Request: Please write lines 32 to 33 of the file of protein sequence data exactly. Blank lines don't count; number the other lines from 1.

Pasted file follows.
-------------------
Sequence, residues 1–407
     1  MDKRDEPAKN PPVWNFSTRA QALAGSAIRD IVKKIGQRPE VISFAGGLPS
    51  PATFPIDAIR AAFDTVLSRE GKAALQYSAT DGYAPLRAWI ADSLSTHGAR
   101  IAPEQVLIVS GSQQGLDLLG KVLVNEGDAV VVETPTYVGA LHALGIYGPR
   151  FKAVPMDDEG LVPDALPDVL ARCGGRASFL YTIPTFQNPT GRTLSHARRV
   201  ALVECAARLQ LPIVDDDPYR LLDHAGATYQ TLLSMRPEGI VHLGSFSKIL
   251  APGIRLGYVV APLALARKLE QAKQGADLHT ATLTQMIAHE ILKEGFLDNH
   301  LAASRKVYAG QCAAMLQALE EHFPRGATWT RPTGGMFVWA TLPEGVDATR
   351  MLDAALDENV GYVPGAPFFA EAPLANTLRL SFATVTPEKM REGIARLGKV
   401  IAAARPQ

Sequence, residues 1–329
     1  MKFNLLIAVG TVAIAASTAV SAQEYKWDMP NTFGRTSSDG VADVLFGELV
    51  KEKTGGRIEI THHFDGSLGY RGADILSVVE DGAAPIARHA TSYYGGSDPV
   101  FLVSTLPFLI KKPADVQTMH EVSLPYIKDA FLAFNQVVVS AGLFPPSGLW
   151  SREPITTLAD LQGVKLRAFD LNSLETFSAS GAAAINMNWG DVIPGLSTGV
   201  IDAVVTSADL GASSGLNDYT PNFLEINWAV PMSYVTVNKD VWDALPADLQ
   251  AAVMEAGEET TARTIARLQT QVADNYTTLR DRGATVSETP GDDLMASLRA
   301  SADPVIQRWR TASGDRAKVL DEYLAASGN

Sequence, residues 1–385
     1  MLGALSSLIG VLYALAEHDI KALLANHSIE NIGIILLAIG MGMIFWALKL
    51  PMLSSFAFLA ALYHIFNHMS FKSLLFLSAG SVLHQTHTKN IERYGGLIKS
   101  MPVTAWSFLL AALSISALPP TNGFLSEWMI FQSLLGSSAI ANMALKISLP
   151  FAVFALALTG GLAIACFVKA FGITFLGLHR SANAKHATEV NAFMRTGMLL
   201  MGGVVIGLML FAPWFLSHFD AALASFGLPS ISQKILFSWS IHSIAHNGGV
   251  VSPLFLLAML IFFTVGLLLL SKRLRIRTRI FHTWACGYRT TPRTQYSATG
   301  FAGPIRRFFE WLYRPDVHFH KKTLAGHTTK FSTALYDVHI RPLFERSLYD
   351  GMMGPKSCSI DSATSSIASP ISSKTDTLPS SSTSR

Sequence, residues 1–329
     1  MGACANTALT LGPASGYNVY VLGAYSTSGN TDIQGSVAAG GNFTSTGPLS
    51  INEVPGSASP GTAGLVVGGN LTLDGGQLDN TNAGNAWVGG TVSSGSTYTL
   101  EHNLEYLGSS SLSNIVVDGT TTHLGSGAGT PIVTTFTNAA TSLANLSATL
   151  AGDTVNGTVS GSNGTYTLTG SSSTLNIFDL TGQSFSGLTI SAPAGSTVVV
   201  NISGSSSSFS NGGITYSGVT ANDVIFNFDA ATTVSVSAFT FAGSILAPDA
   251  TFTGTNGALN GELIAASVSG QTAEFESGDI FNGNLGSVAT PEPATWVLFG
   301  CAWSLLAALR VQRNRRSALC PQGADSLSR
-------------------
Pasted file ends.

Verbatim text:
   151  AGDTVNGTVS GSNGTYTLTG SSSTLNIFDL TGQSFSGLTI SAPAGSTVVV
   201  NISGSSSSFS NGGITYSGVT ANDVIFNFDA ATTVSVSAFT FAGSILAPDA